[arin-ppml] ARIN as a public interest business

John Curran jcurran at arin.net
Thu Feb 23 06:13:56 EST 2012

On Feb 22, 2012, at 11:44 PM, mike wrote:

> Hello,
> 	I am a small ISP and a small business that has 4 employees and under $1m/yr revenue. I depend on my ARIN as/ip assignments because my business model demands the technical features that only being an AS with PI IPv4 space can provide. I am very unhappy however with the price I pay yearly to ARIN, which operates apparently in a vacuum and in complete ignorance of fiscal responsibility, witness the squandering of it's funds which then have to come out of my pocket. I work my tail off for every dollar I make and every time I send a check to ARIN it makes my blood boil knowing how you spend it.

Mike - 

Thank you for your message; it's actually quite helpful to hear such focused 
feedback.  As was noted earlier, we have an arin-discuss at arin.net mailing list 
for discussion of member matters such as fees, but I will provide some brief 
responses here and would encourage further discussion on that list.

> I can do without:
> 	The 'team arin' comics - https://www.arin.net/knowledge/comic.html

Myself as well - I "killed" the Team ARIN comic series several years ago.  
These were particularly effective at communicating background about IP 
addresses to audiences such as elected officials and press, but quickly 
reached diminishing returns and hence were cut from our program budget.

> 	The personal phone calls from ARIN staffers regarding elections I don't care about that I get every year.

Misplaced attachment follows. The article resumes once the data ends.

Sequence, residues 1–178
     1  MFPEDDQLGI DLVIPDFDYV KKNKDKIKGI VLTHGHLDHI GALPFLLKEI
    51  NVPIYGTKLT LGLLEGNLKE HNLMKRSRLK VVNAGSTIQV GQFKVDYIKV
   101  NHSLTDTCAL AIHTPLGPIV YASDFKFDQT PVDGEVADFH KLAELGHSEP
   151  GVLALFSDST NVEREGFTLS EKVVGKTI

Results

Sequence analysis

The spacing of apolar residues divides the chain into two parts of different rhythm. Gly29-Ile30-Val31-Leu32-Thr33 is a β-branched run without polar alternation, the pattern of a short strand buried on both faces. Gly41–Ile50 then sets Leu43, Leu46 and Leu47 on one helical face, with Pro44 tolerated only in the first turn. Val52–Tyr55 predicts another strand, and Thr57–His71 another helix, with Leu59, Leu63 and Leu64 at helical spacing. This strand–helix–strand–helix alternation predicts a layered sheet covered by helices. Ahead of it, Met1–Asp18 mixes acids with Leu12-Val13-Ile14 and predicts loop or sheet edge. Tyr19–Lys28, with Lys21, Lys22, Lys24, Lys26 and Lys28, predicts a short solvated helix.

> 	The refrigerator magnet advising same.
> 	The hand signed paper mail letters about same.
> 	... and on and on and on....

Yes, we do spend a small amount of money each year in contacting members 
via reminder cards about the upcoming elections, as well as have the staff 
dedicate several days to calling members with reminders about the election.  
The direct costs are low (~$20K each year) and the imputed staff costs are 
modest (about $40K).  The benefits of the member outreach is a higher election
participation rate (e.g. 14% of the total eligible organizations cast ballots
in the 2011 Trustee elections) as well as several organizations each year 
update their contact information as a result of the election member outreach.

You indicate that you don't care about elections, and I would ask that you
at least consider voting for ARIN Board of Trustee candidates. The Trustees 
oversee the development of ARIN's budget and fees, and therefore electing 
candidates who hold the same beliefs as yourself regarding ARIN's budget and 
fees is the most certain way of directing the organization.  You can determine 
the views of the various candidates from the questionnaires that candidates 
answer and are available online during the election process.  

> 	I would love to know, if ARIN was forced to operate like a business, how cheaply could ip resource assignments be made? Do you think some of these 'expenses' could be trimmed so that my next bill due is smaller than the year before?

We actually operate very much like a business, and the Board actively considers the 
right balance of ARIN's budget and fees (based on guidance received from the members 
both on these mailing lists and the members meetings.)  There are two aspects to the 
fees: how ARIN distributes costs among the members via fees, and what are the total 
costs of the operation.  Mr. Woodcock raised some questions about cost distribution 
in his email on fees (and we would welcome your feedback there) and I will deal with